Don't let the title fool you. Sherlock Holmes for Dummies has something to offer everyone, whether you are a Sherlockian newbie or Baker Street Irregular.
Of course, it's a great introduction for your friend who has never cracked open a canonical caper. Authors Steven Doyle and David A. Crowder provide all the appropriate introductory stuff, from a survey of "villains, victims and damsels in distress" to a discussion of pastiches to a primer on the communities of Sherlockians.
In typical Dummies fashion, the book also has a fine set of "tens" -- ten unsolved mysteries, ten Sherlockian places to visit, ten books every Sherlockian should have, and ten notable quotes and passages.
Even as a 50-year Sherlock Holmes reader I picked up lots of nuggets of information. The biggest new insight for me, however, was how much different the later stories were in tone. I'd never noticed that before.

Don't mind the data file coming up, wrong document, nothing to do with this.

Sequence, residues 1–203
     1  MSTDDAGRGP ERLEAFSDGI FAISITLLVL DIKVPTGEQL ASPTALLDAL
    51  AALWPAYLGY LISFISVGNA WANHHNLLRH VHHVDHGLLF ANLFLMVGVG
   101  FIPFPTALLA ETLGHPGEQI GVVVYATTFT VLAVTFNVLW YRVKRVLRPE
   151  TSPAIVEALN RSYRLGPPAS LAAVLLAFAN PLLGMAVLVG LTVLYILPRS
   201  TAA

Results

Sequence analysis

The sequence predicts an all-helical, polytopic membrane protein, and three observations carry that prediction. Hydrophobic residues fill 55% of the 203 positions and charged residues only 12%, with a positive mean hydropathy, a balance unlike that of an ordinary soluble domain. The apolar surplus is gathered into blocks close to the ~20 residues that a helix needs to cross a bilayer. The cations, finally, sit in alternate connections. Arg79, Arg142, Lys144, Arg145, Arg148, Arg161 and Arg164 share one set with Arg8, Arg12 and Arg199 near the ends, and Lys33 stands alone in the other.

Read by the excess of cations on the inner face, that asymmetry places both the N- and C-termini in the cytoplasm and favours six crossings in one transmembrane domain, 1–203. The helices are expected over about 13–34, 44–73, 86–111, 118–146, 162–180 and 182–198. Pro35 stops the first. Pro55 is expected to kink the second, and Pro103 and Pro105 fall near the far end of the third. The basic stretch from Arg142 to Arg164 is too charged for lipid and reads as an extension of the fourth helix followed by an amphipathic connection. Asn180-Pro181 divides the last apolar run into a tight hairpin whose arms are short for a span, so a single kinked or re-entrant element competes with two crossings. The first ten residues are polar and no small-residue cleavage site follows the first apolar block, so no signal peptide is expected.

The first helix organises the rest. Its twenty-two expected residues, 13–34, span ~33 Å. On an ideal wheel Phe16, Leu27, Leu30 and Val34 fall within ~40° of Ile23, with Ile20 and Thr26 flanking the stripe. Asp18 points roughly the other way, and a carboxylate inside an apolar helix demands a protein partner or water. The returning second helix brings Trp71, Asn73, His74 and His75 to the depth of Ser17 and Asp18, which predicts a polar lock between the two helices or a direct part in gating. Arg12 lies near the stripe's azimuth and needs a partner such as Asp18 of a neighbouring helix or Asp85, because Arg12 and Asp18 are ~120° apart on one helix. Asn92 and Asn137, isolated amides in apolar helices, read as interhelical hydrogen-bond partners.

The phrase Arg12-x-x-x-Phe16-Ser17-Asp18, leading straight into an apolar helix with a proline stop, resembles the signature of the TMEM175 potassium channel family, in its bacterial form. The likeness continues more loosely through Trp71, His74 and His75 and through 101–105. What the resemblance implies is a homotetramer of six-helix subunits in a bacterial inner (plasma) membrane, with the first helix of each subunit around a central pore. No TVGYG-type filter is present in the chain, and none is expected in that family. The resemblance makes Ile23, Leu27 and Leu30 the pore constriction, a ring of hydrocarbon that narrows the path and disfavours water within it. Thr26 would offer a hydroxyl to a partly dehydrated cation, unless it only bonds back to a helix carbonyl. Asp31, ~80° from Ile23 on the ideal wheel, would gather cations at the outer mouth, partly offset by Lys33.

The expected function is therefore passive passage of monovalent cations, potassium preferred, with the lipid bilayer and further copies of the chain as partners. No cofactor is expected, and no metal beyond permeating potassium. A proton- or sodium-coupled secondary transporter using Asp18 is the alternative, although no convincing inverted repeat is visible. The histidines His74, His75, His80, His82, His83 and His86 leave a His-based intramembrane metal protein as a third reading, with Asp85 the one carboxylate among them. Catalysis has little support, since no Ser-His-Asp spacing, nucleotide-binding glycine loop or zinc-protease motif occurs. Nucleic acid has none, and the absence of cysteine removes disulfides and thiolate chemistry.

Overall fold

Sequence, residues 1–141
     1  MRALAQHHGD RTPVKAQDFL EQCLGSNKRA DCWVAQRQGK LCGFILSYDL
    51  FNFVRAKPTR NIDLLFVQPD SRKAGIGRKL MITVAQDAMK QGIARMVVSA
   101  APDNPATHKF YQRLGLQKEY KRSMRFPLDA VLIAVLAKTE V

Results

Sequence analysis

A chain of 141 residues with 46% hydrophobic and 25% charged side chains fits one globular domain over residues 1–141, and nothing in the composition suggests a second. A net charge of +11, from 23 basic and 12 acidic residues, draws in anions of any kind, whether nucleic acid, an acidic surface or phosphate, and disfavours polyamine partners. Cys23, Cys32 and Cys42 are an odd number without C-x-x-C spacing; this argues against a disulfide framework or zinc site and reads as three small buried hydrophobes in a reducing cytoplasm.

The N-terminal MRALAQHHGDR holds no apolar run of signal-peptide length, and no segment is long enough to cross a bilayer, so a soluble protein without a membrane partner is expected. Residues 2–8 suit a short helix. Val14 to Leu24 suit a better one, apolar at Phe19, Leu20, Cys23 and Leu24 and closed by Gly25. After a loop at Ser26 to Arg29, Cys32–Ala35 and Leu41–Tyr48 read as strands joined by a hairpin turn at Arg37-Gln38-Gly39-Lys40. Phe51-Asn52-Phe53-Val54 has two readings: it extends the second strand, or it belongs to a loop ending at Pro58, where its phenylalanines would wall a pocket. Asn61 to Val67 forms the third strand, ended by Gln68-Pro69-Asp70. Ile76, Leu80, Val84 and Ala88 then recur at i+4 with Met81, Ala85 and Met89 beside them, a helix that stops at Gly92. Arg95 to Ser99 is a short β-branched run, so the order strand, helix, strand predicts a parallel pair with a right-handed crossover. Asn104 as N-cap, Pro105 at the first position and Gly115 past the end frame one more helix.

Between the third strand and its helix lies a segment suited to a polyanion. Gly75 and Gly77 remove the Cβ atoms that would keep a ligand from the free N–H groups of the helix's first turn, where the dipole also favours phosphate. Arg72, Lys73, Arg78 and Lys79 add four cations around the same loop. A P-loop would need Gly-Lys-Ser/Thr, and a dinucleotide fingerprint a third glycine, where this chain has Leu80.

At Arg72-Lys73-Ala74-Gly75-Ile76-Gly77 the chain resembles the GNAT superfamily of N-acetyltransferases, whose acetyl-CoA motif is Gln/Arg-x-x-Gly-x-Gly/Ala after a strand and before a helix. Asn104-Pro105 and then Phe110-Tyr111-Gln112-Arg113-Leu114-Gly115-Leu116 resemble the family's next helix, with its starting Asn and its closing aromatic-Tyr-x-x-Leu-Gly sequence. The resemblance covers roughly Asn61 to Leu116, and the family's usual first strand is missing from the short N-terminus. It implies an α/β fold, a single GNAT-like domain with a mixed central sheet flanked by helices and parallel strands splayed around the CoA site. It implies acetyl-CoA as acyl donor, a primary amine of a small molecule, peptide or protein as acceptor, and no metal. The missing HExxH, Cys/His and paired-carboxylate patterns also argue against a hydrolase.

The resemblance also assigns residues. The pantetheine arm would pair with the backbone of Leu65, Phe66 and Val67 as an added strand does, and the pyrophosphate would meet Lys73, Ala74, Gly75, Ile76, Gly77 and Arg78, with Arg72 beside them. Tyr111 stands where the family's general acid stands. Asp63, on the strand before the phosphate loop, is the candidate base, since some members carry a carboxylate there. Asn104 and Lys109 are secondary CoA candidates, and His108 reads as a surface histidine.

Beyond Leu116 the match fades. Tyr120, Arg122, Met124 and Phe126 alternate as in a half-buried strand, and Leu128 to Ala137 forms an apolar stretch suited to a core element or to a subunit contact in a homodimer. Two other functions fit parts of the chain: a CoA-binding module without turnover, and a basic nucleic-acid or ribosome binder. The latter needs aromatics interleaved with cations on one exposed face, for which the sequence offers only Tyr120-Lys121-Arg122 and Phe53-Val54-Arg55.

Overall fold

"In addition to great stories about Sherlock Holmes," Doyle and Crowder write, "the later stories have increased violence and more mature themes, and some are even hard-boiled detective tales, all showing that Sherlock Holmes changed with the times."
So did Watson! Here's the opening of "The Adventure of the Three Garridebs:"
It may have been a comedy, or it may have been a tragedy. It cost one man his reason, it cost me a blood-letting, and it cost yet another man the penalties of the law. Yet there was certainly an element of comedy. Well, you shall judge for yourselves.
That almost sounds like the Continental Op, Race Williams, or any of the early tough-guy sleuths. And I don't feel like a dummy for not noticing it before.